Mongolia launches construction of first oil refinery with India aid
The oil refinery, in southern Dornogovi province will be capable of processing 1.5 million tonnes of crude oil per year, or 30,000 barrels per day, said Mongol Refinery
Ulaanbaatar/Singapore: Mongolia launched construction of its first oil refinery on Friday, a long-awaited project that is funded by India and designed to end the country’s dependence on Russian fuel. Friday’s ground-breaking ceremony was attended by Mongolian Prime Minister Khurelsukh Ukhnaa and Indian home minister Rajnath Singh.
The oil refinery, in southern Dornogovi province will be capable of processing 1.5 million tonnes of crude oil per year, said Mongol Refinery, the state-owned company building the project, in a press release. That is about 30,000 barrels per day (bpd).
The refinery will be small by international standards, with most Chinese facilities each processing hundreds of thousands of barrels of crude per day, and India’s Reliance Industries running one refinery at a record 1.2 million bpd.
Still, Mongolia’s new refinery, planned for completion in late 2022, will meet all of the nation’s demand for gasoline, diesel, aviation fuel and liquefied petroleum gas (LPG).
“By establishing this strategically important oil refinery, the national economy will become independent from energy imports, and fuel and commodity prices will be stabilised,” said Mongol Refinery in its statement. The project is expected to boost Mongolia’s gross domestic product by 10 percent, it said.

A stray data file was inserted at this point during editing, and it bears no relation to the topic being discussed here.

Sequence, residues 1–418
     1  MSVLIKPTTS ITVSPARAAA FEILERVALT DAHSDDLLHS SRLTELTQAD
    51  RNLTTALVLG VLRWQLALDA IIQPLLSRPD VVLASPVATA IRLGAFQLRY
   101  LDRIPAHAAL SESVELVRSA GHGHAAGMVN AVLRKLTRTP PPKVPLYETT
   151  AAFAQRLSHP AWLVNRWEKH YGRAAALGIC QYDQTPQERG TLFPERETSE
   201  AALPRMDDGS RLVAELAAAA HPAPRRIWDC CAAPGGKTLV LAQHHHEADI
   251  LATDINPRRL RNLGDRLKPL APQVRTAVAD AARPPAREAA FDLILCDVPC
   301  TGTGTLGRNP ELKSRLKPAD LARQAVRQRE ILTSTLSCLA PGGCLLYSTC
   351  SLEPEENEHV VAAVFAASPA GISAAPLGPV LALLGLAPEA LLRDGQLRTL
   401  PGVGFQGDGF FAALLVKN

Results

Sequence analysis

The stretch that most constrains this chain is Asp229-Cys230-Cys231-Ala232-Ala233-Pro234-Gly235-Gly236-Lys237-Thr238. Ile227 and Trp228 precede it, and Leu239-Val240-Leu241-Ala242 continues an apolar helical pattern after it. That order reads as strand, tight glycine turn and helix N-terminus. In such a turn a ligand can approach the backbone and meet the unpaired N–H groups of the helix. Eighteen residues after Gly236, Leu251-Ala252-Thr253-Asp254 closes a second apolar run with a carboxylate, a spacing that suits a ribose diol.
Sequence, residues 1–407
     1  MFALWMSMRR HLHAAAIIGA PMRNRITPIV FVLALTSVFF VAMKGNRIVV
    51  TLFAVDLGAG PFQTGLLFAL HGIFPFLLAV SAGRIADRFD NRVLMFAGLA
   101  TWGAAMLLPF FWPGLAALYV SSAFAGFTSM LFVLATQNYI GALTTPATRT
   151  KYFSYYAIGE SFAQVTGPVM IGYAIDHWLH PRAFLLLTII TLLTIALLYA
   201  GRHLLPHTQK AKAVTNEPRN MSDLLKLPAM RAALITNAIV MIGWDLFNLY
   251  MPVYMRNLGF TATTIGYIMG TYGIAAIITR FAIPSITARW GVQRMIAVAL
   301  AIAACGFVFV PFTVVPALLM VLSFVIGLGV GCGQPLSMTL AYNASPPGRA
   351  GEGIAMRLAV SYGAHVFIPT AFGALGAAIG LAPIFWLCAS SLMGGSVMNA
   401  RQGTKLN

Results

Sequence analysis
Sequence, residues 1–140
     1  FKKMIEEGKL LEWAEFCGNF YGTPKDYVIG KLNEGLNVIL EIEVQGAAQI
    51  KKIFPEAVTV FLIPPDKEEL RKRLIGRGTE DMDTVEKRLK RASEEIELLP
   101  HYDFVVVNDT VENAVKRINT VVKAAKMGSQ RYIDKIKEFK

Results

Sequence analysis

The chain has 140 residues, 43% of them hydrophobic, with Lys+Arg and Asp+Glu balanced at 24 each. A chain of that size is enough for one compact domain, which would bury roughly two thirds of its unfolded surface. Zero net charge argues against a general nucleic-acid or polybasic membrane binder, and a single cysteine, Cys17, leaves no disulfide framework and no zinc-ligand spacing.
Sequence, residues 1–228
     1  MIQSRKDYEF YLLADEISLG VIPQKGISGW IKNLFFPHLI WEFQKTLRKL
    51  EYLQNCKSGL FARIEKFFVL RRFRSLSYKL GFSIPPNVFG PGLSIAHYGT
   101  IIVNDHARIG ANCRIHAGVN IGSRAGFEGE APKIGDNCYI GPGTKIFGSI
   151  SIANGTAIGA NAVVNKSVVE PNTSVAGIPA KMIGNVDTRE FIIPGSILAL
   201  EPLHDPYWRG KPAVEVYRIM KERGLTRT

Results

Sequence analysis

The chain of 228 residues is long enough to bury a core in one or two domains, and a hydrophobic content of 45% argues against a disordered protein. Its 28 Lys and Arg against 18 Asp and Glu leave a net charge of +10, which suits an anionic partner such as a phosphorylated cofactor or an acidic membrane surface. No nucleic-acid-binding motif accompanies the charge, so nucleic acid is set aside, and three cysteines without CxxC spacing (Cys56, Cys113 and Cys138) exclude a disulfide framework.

Mongolia imported almost 1.5 million tonnes of oil products last year, virtually all from Russia. They amounted to 18 percent of all Mongolia’s imports, according to official data.
Mongolia, a large landlocked country wedged between giants China and Russia, has a population of just 3 million. Almost half its people live as nomadic stock herders, and the country’s oil demand is growing only very slowly.
“From a national security perspective, we do need to diversify our sources of oil products from the current single source, Russia,” said Munkhdul Badral Bontoi, chief executive of Mongolia-based market intelligence group Cover Mongolia.
The cost of the refinery is estimated at $1.35 billion, and it will include a pipeline and its own power plant. The refinery will process Mongolia’s own crude oil, which is now sold to China.
Mongolia produced 7.6 million barrels of oil last year, about 21,000 bpd, amounting to 6% of its total export earnings. The country’s petroleum industry regulator is expecting its crude oil output to rise over the years prior to the refinery’s start-up.
Mongolia’s big southern neighbour China produces around 3.8 million bpd of crude, and imports more than 9 million bpd, according to official government data.
Is it viable?
A Mongolian oil refinery has been discussed since 1997, but while several projects were approved, none have been completed.
The refinery’s financing is part of a $1 billion credit line agreement between Mongolia and the Export-Import Bank of India, made during a 2015 visit by Indian Prime Minister Narendra Modi.
“The Indian guarantee is what put the odds in favour of the oil refinery being finally built, but the biggest worry here is whether the oil refinery can pay for itself,” said Munkhdul.
“Economically, I’m sceptical of the viability of a domestic oil refinery, as fuel prices are heavily regulated,” he said.
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